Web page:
“Judges, in the history of its interpretation, has been well served by astute literary and historical commentary, but to these Laura Smit adds robust theological engagement. She is not afraid to go where the text leads–to a God of election, a God who involves us in warfare, a God who demands sacrifice, a God who requires countercultural fidelity. This is a challenging reading of a challenging book and will encourage all Christian readers to reexamine their own theological commitments. In addition, Stephen Fowl offers a nuanced reading of Ruth, pondering Gentile inclusion in the people of God and reflecting wisely on the multiple challenges of theological interpretation. Together these two different voices model something of the variety of ways that theological reading can engage the scriptural text.”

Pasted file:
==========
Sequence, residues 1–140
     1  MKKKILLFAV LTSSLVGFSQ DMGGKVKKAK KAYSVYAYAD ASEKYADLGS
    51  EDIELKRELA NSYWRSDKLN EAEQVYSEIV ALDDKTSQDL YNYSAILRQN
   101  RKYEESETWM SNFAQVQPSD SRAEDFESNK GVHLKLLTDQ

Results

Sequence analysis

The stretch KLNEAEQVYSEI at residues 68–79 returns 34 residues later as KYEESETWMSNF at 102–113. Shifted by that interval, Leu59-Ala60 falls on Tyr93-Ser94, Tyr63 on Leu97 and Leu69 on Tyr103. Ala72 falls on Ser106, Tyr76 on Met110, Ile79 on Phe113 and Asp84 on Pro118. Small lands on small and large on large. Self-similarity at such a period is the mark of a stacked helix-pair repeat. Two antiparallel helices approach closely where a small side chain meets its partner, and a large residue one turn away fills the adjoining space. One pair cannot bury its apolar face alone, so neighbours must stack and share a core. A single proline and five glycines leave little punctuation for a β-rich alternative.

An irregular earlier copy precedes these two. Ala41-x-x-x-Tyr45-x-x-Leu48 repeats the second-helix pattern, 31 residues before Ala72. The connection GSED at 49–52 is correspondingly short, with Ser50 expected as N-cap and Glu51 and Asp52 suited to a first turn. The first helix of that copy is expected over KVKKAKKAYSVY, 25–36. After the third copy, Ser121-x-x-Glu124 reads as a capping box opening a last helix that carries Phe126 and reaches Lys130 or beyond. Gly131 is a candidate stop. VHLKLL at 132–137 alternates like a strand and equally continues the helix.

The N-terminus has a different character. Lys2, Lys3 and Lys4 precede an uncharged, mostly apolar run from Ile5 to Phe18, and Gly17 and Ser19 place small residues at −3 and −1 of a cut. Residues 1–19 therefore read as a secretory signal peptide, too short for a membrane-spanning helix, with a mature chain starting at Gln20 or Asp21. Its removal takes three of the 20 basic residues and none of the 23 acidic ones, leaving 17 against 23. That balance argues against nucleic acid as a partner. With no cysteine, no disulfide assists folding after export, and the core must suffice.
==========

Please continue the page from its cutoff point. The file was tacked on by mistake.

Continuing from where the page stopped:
Richard S. Briggs, lecturer in Old Testament and director of biblical studies, Cranmer Hall, St. John’s College, Durham University
“Smit’s treatment of Judges combines traditional literary analysis with the doctrinal sensibilities of a seasoned theologian. In framing the book of Judges as a failed attempt to “reverse the Fall” (p. 16), Smit perceptively connects the rebellion of a generation of God’s people to humanity’s perpetual failure to fulfill its priestly vocation. This paradigm provides a fruitful avenue for contemporary application; Smit poignantly observes that “we are not invited to read the book of Judges from a perspective of distance or superiority; we are invited to see it as our own frightening story” (p. 10). The result is a convicting exploration of Judges that perceptively considers its literary, canonical, and theological contexts.”
Michelle E. Knight, assistant professor of Old Testament and Semitic Languages, Trinity Evangelical Divinity School, Bulletin for Biblical Research 31, no. 1 (2021): 77–79.